By Greg Smalley
Many couples are dealing with difficult issues caused by the coronavirus. But it’s possible to build a stronger marriage by adopting new habits.
Quarantine? I’m enjoying it. I’m an introvert, so physical distancing and sheltering in place have felt like heaven. For others, this long confinement feels like a crisis. And when you’re facing a crisis, it’s easy to let your feelings spill over into your marriage and family life. If your marriage is challenged by the coronavirus, I’d like to offer some perspective and share ways you can let the coronavirus change your marriage for the better.
Unite your team
Don’t allow the loss and uncertainty to divide you as a married couple. Instead, unite against a common enemy: the coronavirus. As a divided country, 9/11 caused Americans to rally together and join forces against a common enemy: terrorism. This can also be true of your marriage during the quarantine. This is an opportunity to unite against a common enemy and function like a powerful team. Battle the uncertainty together!
Improve your “work talk”
The sheer volume of decisions that must be made each day to keep your family functioning — especially now that you’re quarantined together — is overwhelming. Daily financial decisions, medical choices and more. It’s exhausting! This reality requires regular “business meetings” with your spouse. I call this work talk.
Talk about how to divide the cooking, cleaning, housework, home-schooling, shopping and work schedules. You and your spouse already have expectations around how these things will be divided and how your “new normal” is supposed to function. It’s important to bring these expectations out and verbalise what you hope each one will look like and what you expect from each other. As you engage in work talk, remember you’re on the same team and need to find solutions that both people feel good about. The current quarantine gives you the opportunity to develop new habits about how to talk through big and small decisions as a team.
Increase your “heart talk”
You need to have business meetings, but your marriage also needs “heart talk.” These conversations are all about fully “knowing” and being fully “known”. It’s about completely knowing your spouse’s inner world (their worries, disappointments, hopes, fears, needs and dreams) and allowing your spouse to completely know your inner world.
These conversations don’t happen by accident. Work talk will monopolise your time unless you intentionally make space for heart talk. We recommend that couples spend about 10 minutes each day talking about meaningful things and getting to know each other’s inner life.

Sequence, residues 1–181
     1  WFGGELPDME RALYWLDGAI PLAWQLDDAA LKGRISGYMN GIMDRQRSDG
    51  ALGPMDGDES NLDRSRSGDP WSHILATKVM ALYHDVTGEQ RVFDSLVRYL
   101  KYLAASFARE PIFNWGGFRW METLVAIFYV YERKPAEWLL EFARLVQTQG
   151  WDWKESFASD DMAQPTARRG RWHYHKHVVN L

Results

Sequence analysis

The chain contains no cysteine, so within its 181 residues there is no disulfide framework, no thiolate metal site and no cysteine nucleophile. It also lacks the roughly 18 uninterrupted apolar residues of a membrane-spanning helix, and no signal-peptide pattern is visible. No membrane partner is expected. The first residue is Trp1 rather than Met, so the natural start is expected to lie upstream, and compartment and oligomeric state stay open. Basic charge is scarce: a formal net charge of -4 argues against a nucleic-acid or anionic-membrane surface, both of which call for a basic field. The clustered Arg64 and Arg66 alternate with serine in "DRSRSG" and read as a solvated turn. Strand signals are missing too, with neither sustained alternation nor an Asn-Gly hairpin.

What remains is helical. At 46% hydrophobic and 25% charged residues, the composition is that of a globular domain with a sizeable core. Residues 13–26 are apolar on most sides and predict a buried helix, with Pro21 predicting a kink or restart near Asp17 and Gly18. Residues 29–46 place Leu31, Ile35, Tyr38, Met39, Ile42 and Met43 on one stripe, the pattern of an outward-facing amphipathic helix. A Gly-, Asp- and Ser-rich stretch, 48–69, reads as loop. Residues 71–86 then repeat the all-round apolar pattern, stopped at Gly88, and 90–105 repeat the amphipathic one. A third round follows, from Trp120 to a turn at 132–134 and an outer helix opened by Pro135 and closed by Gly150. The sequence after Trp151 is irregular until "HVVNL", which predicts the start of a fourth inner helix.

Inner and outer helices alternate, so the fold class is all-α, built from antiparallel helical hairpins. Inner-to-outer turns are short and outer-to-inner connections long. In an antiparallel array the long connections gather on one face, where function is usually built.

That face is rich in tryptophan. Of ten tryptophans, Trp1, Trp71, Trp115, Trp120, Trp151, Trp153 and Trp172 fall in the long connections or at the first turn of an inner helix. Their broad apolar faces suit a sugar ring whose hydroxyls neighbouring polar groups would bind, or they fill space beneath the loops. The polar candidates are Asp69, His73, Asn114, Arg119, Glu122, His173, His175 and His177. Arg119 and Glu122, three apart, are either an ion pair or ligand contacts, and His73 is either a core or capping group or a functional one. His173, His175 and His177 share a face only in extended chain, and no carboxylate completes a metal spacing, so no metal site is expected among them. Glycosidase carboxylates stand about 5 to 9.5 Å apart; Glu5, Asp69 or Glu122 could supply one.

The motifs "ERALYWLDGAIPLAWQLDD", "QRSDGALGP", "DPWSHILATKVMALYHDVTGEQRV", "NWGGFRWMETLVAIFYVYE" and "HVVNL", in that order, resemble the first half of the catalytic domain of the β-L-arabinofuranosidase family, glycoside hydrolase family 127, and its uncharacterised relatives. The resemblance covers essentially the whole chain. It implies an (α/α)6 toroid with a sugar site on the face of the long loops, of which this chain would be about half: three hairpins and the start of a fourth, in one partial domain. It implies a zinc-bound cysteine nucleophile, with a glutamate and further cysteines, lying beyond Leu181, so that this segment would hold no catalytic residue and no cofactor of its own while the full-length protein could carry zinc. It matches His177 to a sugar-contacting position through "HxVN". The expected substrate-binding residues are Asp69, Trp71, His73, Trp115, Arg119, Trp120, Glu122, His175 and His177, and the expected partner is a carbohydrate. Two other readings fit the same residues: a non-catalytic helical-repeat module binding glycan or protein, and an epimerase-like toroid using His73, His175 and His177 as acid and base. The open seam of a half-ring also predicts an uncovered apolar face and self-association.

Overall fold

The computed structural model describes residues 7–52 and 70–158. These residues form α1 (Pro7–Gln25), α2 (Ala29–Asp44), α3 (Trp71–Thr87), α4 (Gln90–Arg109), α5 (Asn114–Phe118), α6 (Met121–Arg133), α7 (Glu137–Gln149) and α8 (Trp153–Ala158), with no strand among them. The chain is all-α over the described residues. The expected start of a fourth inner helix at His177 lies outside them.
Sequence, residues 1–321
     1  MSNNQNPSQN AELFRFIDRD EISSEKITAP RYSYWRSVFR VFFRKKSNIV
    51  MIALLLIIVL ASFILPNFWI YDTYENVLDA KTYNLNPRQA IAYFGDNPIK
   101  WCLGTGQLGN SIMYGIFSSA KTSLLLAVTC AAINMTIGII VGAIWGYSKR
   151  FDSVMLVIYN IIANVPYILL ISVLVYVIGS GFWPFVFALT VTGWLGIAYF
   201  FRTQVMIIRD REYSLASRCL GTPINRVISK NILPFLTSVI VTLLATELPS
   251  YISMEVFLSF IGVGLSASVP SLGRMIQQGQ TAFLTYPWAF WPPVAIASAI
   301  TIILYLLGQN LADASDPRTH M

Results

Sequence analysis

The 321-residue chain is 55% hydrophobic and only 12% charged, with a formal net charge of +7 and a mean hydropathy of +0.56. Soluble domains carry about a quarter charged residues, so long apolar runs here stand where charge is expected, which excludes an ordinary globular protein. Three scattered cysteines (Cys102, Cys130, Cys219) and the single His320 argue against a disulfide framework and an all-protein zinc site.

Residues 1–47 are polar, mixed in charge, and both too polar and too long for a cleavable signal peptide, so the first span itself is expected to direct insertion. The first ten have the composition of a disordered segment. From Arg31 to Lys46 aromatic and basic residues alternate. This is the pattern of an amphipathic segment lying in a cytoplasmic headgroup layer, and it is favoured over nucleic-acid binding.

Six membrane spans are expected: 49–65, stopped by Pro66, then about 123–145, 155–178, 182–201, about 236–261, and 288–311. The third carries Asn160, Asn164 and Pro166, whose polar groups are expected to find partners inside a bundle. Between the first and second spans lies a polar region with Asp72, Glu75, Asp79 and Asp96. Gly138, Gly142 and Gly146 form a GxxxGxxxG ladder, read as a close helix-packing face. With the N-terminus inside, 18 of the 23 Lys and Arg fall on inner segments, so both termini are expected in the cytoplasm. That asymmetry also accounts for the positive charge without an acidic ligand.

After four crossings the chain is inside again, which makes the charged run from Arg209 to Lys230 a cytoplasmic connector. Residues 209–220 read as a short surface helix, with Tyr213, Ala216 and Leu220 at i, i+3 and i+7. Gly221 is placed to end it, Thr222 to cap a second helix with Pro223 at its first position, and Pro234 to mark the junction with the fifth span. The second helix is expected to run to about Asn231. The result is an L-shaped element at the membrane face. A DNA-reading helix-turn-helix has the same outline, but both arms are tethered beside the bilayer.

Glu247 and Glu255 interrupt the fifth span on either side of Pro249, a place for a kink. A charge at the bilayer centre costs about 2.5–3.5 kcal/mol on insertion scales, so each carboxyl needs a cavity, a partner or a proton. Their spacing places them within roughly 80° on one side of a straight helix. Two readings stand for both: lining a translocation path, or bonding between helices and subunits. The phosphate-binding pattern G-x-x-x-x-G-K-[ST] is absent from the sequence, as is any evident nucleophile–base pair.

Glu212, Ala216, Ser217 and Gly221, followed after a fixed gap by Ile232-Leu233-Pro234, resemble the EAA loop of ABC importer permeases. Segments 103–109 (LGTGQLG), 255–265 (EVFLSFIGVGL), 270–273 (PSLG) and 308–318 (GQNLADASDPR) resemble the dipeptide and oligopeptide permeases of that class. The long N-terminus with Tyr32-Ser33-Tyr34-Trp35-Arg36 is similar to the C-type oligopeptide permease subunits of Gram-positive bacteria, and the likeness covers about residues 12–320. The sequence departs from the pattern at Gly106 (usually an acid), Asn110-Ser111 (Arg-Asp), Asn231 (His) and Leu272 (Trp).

Erin and I engage in heart talk by asking each other about the high and low of our day. By asking this, we keep current on what is going on with each other. We’ve also developed conversation starters for couples to help you ask each other questions to get to know each other deeper. This type of intimacy strengthens our connection.
Another important part of heart talk is taking time to grieve together. Think about all the losses caused by the coronavirus: health, income, independence, social interaction and more. Make it your goal to care about how the coronavirus is affecting your spouse.
Everyone grieves differently. Allow your heart and your spouse’s heart to grieve however they need to. One spouse may need to verbally process the loss and want to be together while the other spouse may want to be alone. Heart talk is a powerful habit to build as you move forward.
Find new ways to play together
Erin and I love going out for date nights. However, being quarantined at home has forced us to develop other ways to play and have fun together. We have built puzzles, brought out the old Wii video game system, gone for long walks, watched shows that we always wanted to see but didn’t take the time to watch and we’ve started cooking together. What fun activities do you want to continue doing after the quarantine is lifted and “normal” routines return?
Invest in others
The Jordan River is the only major water source flowing into the Dead Sea. However, there are no outlet streams. All of this life-giving water from the Jordan River goes into the Dead Sea but nothing flows out. Don’t neglect to share what you have been given in your marriage, even if it’s merely being an encouragement Genuine sacrifice is giving away something that we own and value as an investment in someone else. This is the highest action of love. Invest in others by sharing the many gifts they have been given.
How will you use your marriage to encourage others?
We have so many neighbours who are hurting. Coronavirus cases are at an all-time high. Millions have filed for unemployment as businesses have closed. Add in social distancing and being quarantined, and it’s hard to care for others when we can’t give them a hug or share a meal together. As a couple, you can look for ways to invest in those around you.
Erin recently baked banana bread and left it on our neighbour’s porch with a note of encouragement. Our friend’s wife just had a baby, and we sent them their favourite meal through Grab. Maybe you could give a financial gift anonymously to someone who has lost their job. Run groceries to an older member of your community. Support small businesses and restaurants. Encourage our front-line workers: nurses and doctors, police officers and firefighters, and don’t forget supermarket cashier, sanitation workers and delivery people.
© 2020 Focus on the Family. All rights reserved. Used with permission. Originally published at focusonthefamily.com.
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